Mr. Cranston: I should transgress the Standing Orders of the House were I to be tempted down that line because aggression is not in the Bill—we have deliberately omitted that issue. Let me instead address the matter of aggression being in the statute. The hon. and learned Member for Harborough and the hon. Member for Reigate referred to article 5.1(d) of the Rome statute, which mentions a crime of aggression. Significantly, article 5.2 states:

    ``The Court shall exercise jurisdiction over the crime of aggression once a provision is adopted in accordance with articles 121 and 123 defining a crime and setting out the conditions under which the Court shall exercise jurisdiction with respect to this crime. Such a provision shall be consistent with the relevant provisions of the Charter of the United Nations.''

In other words, the only way in which a definition of aggression can be adopted under the Rome statute is by virtue of the amendment provisions. That returns us to article 121.5, which, as I said, gives the Executive a veto over any definition that might be adopted by other members.

3.15 pm

Mr. Blunt: I have followed the Solicitor-General's arguments carefully. What would be the effect of accepting amendment No. 36 alone and thereby removing the phrase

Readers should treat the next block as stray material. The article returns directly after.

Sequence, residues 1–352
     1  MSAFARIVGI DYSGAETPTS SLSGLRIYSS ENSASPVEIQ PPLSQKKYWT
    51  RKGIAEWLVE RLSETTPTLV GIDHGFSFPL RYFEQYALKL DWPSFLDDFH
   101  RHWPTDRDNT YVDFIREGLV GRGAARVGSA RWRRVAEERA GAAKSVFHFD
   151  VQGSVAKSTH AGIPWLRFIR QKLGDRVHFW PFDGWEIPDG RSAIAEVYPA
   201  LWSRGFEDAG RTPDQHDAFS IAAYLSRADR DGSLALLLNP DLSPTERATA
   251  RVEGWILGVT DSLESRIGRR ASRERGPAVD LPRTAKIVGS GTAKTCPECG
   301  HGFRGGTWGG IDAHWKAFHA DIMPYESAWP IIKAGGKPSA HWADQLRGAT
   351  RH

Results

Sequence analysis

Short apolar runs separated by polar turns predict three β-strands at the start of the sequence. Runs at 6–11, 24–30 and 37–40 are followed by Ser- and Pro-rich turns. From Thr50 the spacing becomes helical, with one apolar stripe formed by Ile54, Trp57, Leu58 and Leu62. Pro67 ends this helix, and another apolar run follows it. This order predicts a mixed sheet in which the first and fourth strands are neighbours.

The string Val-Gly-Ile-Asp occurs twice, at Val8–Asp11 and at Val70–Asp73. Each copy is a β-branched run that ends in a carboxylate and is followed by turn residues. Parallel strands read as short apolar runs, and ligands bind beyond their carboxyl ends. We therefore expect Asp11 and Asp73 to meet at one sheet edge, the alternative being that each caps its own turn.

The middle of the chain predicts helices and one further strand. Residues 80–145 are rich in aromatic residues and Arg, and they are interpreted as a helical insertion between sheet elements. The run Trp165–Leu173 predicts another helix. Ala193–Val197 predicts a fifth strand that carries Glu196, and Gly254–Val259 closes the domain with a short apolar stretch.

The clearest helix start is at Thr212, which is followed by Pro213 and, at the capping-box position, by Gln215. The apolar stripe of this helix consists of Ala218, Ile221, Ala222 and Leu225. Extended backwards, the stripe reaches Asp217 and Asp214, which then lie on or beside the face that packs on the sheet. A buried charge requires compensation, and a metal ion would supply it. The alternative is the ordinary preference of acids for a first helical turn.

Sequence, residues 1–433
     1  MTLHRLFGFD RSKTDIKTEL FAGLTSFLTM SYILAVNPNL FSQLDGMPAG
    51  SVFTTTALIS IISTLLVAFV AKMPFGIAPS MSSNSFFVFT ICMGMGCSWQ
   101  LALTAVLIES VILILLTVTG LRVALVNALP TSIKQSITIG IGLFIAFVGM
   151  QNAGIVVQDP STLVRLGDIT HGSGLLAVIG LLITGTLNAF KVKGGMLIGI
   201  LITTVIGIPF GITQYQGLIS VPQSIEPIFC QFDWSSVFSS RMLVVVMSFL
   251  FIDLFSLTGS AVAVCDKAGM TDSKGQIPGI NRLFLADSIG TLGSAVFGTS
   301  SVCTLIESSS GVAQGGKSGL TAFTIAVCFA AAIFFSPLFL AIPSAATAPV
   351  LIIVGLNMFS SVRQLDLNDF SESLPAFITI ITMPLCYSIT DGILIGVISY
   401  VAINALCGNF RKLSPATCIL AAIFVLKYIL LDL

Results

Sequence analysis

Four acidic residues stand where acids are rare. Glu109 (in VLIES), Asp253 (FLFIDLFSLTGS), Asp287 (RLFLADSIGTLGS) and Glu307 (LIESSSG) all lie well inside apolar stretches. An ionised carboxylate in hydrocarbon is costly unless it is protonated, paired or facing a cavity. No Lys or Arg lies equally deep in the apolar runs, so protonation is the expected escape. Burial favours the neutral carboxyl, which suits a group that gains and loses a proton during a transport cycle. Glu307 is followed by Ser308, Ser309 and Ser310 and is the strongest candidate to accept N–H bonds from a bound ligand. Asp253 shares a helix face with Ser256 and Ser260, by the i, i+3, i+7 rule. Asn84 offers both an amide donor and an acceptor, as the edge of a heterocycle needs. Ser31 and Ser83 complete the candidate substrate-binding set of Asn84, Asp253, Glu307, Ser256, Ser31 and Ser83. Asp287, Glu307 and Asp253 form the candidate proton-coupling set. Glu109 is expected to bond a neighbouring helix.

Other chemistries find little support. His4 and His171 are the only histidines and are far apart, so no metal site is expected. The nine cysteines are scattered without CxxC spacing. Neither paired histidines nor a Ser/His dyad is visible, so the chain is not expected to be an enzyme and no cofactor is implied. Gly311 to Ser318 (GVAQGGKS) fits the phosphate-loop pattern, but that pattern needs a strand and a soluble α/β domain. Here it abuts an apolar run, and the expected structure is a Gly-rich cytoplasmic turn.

``(other than the crime of aggression)''

from the Bill? Given the arguments that the hon. and learned Gentleman has adduced, I cannot understand why that phrase is required.

Mr. Cranston: I think that the amendment is self-defeating, because the Bill excludes aggression from the definition of ICC crime. If the hon. Gentleman's amendment were accepted, clause 1(1) would state:

    ```ICC crime' means a crime . . . over which the ICC has jurisdiction in accordance with the ICC Statute.''

As a result, aggression would be included, but we are trying to provide that the Bill does not cover aggression at all.

Mr. Garnier: With the greatest of diffidence, I beg to disagree with the Solicitor-General. As he said, if the amendment of my hon. Friend the Member for Reigate were accepted, clause 1(1) would state:

    ```ICC crime' means a crime . . . over which the ICC has jurisdiction in accordance with the ICC Statute.''

Article 5.2 of the Rome statute makes it clear that the court does not have jurisdiction over an undefined crime. The crime of aggression has yet to be defined, and will not be defined until seven years after the ICC comes into existence. Therefore, the phrase in question simply adds unnecessary verbiage. It may be harmless, but it is not strictly necessary. If one construes clause 1(1) in conjunction with article 5.2 of the Rome statute, one surely concludes that the phrase which my hon. Friend seeks to delete does not help us.

It would be more interesting to establish the Government's definition of the crime of aggression, so that we can work out where they are coming from. The Solicitor-General is getting himself into a muddle if he believes that the phrase in question is important.

Mr. Cranston: It may be that there is a superabundance of caution. We are taking aggression out; the Bill will not deal with it. The hon. and learned Gentleman is right to say that, were the phrase in question to be omitted, there would still have to be agreement, pursuant to the treaty, if there were to be any effective crime of aggression in terms of the statute. However, the fact is that we are omitting aggression completely from the Bill.